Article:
Implicit/cheap memory barriers

Implicit/cheap memory barriers


Per Intel 64 and IA-32 Architectures Software Developers Manual Volume 3 (System Programming Guide)
8.2.2 Memory Ordering in P6 and More Recent Processor Families:

A) Reads are not reordered with other reads.
B) Writes are not reordered with older reads.
C) Writes to memory are not reordered with other writes
D) Reads may be reordered with older writes to different locations but not with older writes to the same location.

Based on the above, will the following act as full memory barrier
(prevent reordering):
push eax #1 store
pop eax #2 load

Seems like based on the above rules:
1) #1 and #2 - no reorder per (D)
2) old/new reads - no reorder with #2 per (A)
3) old writes - no reorder with #1 per (C)
4) new writes - no reorder with #1 and #2 per (C) and (B)

Can the above act like the 'mfence' instruction? Is it as expensive?


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For more complete information about compiler optimizations, see our Optimization Notice.


Most programmers program in a higher level language such as C/C++. This compilers have optimizations which can and do reorder statements as well as eliminate some memory stores and loads. What you have here are two barrier issues: Is the compiler doing what you ask it to (with respect to memory store) and is the memory store technique correct not only for your current hardware thread but for all threads, potentially on separatedmultiple processors?

There are some multi-threaded coding sequences where you must observe that a store is (or was) observed(observable) by the other threads including threads on separated processor. For these coding situations not only is order important but "finality" is important. IOW your thread may have ordered writes pending when your thread's subsequent code requires the writes to have completed such that the other thread(s) view is consistent with your threads presumptions.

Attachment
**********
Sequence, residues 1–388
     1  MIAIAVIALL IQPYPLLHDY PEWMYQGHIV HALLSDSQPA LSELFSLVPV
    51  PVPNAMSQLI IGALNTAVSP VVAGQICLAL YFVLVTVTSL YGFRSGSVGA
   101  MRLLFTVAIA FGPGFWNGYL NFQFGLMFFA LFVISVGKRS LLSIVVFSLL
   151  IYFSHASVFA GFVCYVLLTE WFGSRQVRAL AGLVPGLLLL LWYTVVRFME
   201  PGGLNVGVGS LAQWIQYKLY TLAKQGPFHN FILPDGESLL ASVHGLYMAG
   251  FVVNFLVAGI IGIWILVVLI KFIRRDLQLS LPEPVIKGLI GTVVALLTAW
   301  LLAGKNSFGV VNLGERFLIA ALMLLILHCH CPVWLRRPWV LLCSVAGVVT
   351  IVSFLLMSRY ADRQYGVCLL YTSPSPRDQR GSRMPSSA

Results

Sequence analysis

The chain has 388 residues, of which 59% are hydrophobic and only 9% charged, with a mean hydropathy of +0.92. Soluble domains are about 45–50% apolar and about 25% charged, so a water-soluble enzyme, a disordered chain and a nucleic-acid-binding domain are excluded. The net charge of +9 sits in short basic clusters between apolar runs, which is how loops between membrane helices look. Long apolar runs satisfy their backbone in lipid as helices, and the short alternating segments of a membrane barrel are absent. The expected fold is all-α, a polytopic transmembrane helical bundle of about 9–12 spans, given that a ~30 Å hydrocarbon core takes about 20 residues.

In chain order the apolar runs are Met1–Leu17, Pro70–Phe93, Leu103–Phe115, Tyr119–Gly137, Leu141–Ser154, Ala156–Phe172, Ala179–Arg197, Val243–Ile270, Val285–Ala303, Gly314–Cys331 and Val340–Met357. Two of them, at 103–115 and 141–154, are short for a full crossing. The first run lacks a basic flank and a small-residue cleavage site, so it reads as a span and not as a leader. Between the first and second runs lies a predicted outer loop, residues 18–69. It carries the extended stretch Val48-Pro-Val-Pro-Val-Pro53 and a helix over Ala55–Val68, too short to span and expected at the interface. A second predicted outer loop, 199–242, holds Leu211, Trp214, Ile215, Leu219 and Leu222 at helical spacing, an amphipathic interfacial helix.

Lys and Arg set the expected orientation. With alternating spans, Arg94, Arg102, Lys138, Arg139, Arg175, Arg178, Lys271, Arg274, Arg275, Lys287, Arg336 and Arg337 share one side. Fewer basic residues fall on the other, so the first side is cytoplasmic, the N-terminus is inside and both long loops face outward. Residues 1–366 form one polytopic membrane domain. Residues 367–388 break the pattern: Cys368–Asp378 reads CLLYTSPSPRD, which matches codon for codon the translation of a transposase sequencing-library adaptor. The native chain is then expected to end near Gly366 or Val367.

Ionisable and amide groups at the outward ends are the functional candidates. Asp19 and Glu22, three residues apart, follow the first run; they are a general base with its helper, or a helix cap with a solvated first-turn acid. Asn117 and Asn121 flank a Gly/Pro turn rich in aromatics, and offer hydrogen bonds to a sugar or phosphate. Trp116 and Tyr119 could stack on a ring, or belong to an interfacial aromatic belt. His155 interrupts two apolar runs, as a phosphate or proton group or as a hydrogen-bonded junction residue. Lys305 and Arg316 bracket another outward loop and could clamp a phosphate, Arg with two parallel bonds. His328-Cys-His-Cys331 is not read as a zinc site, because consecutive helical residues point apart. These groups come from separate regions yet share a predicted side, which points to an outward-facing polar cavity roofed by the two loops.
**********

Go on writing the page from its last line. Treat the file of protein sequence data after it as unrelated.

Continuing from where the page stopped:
This does not mean you must use mfence as your code sequence may not require it for proper functioning (with other threads). An example of this is the single producer single consumer queue and single producer multiple consumer queue. The producer side of the code need only concern itself with proper order and not finality (with possible exception to buffer full condition transitioning to buffer not full).

Jim Dempsey

Hi Jim,

Thanks for the insightful information about high level MT concerns.

Say that I'm compiler writer or low level synchronization facility writer, will
the above push/pop eax act as mfence/full-barrier on x86/x64 (at least for data
as code might be using non coherent memory)?

FWIW, for example, Linux spinlock release is implemented for
x86 by single non-locked write since it provides the appropriate release semantics
(i.e. no reorder with old/new writers and with old reads).

I see two concerns here:

Should the compiler beware
of such generating implicit fences/barriers in case that they are expensive
(e.g. as mfence)?

Can the compiler exploit
such implicit barriers in case that they are much cheaper than fences/locked
Can synchronization facility enjoy from the same?

For example, say that compiler wants to provide efficient